Jennifer Koh’s Article Cited by Ninth Circuit

Jennifer Koh’s law review article, Crimmigration and the Void for Vagueness Doctrine, published by the Wisconsin law Review in 2016, has been cited by Judge Marsha Berzon of the Ninth Circuit Court of Appeals in a concurring opinion arguing for reconsideration of whether the “crime involving moral turpitude” definition in immigration law is unconstitutionally vague.  The decision in Aguirre-Barbosa v. Barr can be found here.

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Eunice Park Publishes in Yale Journal of Law and Technology

Professor Eunice Park’s article, “Objects, Places and Cyber-Spaces Post-Carpenter:  Extending The Third-Party Doctrine Beyond CSLI:  A Consideration of IoT and DNA,” was published by the Yale Journal of Law and Technology.  The Article proposes an extended test for the third-party doctrine in the wake of Carpenter v. United States that balances decisional analysis with technological reality, offering a principled framework to encompass the privacy implications of technologies beyond CSLI, and examining the popular consumer technology of smart devices and private genomic testing services as examples.

 

Jennifer Koh’s Essay on Crimmigration Published in Stanford Law Review’s Immigration Symposium

Professor Jennifer’s Koh’s essay was published by the Stanford Law Review in its online immigration symposium.  “Crimmigation Beyond the Headlines:  The Board of Immigration Appeals’ Quiet Expansion of the Meaning of Moral Turpitude” critically examines the ways that the Board of Immigration Appeals has quietly but significantly expanded the definition of “crimes involving moral turpitude,” thereby enhancing the federal government’s power to detain, deport, and disqualify thousands of noncitizens from immigration relief.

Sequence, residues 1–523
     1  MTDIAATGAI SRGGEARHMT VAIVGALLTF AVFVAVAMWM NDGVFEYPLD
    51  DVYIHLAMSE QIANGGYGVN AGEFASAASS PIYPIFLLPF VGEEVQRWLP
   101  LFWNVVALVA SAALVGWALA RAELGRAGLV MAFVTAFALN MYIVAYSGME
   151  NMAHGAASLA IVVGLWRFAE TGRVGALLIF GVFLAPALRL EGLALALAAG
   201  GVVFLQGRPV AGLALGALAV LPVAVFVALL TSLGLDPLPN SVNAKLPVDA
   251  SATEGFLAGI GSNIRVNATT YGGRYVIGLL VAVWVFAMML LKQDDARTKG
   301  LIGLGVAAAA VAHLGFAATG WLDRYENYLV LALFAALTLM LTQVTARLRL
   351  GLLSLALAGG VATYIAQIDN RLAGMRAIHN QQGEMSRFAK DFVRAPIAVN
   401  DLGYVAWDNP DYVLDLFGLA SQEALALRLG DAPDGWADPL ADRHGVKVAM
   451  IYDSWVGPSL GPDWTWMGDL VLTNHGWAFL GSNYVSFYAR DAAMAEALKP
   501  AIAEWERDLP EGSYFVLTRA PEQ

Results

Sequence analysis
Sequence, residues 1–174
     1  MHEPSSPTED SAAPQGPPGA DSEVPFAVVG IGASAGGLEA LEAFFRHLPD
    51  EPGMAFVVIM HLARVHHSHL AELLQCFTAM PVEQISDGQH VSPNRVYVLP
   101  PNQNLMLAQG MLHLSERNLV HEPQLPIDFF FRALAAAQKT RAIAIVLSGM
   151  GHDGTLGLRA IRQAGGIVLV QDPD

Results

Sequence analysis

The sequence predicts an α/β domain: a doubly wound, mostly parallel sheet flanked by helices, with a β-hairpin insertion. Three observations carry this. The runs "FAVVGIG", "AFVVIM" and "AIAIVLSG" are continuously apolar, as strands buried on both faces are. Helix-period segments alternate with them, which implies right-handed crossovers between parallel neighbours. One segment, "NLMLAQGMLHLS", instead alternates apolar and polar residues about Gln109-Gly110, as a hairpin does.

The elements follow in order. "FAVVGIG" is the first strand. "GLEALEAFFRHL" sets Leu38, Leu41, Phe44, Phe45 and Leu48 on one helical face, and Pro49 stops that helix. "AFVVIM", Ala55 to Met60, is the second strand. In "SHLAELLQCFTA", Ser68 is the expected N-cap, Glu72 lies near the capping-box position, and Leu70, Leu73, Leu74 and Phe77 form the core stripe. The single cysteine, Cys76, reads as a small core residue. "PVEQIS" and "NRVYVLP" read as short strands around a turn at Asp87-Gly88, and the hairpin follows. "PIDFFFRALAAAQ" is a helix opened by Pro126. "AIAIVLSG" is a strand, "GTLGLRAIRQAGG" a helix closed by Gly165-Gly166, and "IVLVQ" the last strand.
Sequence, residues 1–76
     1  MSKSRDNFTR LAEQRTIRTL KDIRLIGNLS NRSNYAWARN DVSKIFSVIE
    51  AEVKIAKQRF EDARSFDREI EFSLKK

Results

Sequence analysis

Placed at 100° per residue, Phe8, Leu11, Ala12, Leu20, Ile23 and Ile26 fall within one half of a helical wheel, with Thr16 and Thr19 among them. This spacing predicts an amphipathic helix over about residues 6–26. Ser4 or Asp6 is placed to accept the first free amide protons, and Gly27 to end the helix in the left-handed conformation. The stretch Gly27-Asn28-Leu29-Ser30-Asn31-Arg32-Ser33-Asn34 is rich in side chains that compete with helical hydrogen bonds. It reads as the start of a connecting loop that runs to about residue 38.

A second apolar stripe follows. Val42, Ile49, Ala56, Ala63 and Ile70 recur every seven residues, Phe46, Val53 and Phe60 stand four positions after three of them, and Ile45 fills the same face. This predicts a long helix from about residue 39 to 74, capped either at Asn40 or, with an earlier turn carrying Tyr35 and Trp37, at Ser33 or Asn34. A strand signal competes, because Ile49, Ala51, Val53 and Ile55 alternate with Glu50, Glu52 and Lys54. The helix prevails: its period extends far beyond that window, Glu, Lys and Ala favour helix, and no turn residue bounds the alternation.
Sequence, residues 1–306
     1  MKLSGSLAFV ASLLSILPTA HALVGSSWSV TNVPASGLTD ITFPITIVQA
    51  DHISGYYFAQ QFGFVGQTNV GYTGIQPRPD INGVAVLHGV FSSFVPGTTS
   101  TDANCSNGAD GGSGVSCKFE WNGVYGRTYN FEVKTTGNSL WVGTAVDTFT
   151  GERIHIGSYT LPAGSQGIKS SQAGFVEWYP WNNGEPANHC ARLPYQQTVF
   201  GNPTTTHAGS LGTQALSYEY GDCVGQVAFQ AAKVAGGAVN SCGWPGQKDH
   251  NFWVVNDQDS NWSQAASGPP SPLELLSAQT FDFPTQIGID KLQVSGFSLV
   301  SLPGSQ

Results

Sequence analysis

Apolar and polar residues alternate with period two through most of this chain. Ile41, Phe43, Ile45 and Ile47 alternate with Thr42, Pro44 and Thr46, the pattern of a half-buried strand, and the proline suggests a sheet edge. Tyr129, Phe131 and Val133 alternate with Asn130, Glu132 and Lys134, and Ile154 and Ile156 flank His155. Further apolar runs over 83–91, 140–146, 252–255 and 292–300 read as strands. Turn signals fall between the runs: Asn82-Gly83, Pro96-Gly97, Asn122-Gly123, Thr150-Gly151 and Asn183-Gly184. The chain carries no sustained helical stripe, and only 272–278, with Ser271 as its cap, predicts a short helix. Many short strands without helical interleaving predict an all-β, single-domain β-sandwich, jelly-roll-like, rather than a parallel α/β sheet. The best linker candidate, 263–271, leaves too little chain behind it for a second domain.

Immigration Clinic Faculty Speak at Southwestern Law Review Symposium

On February 1, Professors Andrew Knapp and Jennifer Koh spoke at a symposium organized by the Southwestern Law Review on “Immigration in the Trump Era.” Both participated in a panel entitled, “Dimaya and the Crimmigration of Migration.”  Professor Knapp shared about his representation of James Dimaya, whose case he took from the Ninth Circuit Court of Appeals to the Supreme Court, and for whom he and the rest of the legal team prevailed in Sessions v. Dimaya (invalidating a portion of the “crime of violence” definition in immigration law under the void for vagueness doctrine).  Professor Koh’s comments focused on the void for vagueness doctrine and immigration enforcement, which arose from her law review article, “Crimmigration and the Void for Vagueness Doctrine,” which appeared in a 2017 issue of the Wisconsin Law Review as well as a forthcoming essay that will soon appear in the Stanford Law Review Online.

Neil Pedersen Presents at WSCL, Chapman Law School

Adjunct Professor Neil Pedersen presented his annual “Hit the Floor Running” at Western State on January 12.  Part of a CLE program organized by Pam Davidson, Professor Pedersen’s program provided guidance for young attorneys on topics such as problem identification and problem solving, the written and spoken word, time management, professional conduct and ethics, and business development.  Professor Pedersen also presented Surviving and Thriving in the Practice of Law at the Orange County Bar Association’s Last Dash MCLE event, held at Chapman Law School the same day.  Much of the content from both presentations came from the curriculum of Professor Pedersen’s Law Practice Management and Technology course co-taught with Adjunct Professor Carolyn Dillinger.